Posted by: Wayne | April 9, 2010

Rudder – Day 4

Over the past two days I had finished shaping the outline of the rudder blade using a combination of jigsaw, block plane, rasp, and sandpaper.

Final outline for the rudder blade.

The next step is to convert a rectangular block of wood into something resembling a foil.  There are many ways of going about this, from the TLAR (that looks about right) method to highly precise jigs and routers.  I chose to use the method outlined in  This involves drawing guide lines on the edges and faces and planing a series of facets which closely approximate a NACA 00xx series foil.  Actually, I decided to slightly modify the shape by going with a larger radius on the leading edge.  This should allow the rudder to “fly” at a higher angle of attack before it stalls.  After some simulations using xfoil, I arrived at a set of numbers I think will work well.

The most difficult set of lines to draw are on the edges, as they need to be quite precise.  I used a combination of a pencil, a block of wood, a drill, and a table to accomplish this.  Simply drill a hole in the block at the appropriate elevation, stick a pencil through the hole, and then scribe by laying the board flat on the table and sliding the block with pencil along the edge.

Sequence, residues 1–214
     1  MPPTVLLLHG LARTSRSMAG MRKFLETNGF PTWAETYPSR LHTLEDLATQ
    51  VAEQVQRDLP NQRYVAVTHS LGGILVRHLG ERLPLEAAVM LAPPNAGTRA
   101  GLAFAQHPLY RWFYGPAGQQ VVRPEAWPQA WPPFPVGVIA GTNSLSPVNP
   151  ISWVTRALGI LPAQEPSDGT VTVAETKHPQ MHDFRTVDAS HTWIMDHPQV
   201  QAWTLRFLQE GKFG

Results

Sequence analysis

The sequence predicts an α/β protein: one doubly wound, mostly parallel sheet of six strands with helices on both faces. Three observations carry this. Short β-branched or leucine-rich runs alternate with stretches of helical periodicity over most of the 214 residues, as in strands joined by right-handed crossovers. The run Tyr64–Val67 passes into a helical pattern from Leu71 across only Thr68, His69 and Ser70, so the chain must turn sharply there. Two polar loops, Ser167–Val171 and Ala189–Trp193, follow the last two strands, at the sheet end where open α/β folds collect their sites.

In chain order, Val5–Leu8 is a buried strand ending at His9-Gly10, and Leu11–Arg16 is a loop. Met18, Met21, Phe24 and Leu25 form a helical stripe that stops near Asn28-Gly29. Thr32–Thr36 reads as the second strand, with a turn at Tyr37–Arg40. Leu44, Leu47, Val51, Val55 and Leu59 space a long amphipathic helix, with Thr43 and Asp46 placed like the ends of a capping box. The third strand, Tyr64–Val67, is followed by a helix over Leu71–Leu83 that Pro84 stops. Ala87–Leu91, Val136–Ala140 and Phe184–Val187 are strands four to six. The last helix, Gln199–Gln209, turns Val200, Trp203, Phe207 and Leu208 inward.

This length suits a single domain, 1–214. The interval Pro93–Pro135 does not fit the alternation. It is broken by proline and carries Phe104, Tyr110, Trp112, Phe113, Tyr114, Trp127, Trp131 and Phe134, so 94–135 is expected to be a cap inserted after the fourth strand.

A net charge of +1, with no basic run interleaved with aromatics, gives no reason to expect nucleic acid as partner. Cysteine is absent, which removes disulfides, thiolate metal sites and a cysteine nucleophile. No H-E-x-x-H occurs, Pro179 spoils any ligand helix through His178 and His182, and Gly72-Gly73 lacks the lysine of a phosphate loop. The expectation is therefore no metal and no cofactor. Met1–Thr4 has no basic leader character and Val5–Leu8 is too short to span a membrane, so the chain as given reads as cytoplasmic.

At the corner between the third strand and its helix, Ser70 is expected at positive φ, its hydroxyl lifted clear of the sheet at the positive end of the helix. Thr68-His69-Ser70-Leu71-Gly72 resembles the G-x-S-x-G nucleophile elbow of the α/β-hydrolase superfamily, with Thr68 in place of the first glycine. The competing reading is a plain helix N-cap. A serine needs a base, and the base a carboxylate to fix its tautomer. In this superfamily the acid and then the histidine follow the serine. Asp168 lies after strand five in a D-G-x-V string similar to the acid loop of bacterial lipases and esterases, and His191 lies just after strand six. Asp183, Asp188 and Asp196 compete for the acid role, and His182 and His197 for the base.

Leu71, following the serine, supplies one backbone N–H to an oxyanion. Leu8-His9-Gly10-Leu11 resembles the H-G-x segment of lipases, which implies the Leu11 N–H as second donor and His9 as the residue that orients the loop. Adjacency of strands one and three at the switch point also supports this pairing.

My high-tech method for marking a straight line along the edge of a board.

After this, I simply used a tape measure and ruler to mark the lines along the face of the rudder blade.  I also used a saw to connect the lines from the trailing edge to the forward edge of the salient facet.  Then it was time to use a plane to turn vast quantities of wood into shavings.  This is only partly done at this point.

Quite a ways to go.

Now I get to keep planing away anything that doesn’t look like a rudder.



  1. Very nice. I remember playing with xfoil in high school.

    For removing a lot of material, a bigger plane is really nice. I might have something lying around that I can bring out in July.

    • I am also thinking that the rasp we have should work well. It is about 8″ long by 2″ wide, with fine and course sides. It should also avoid tear-out on some of the more difficult grain.

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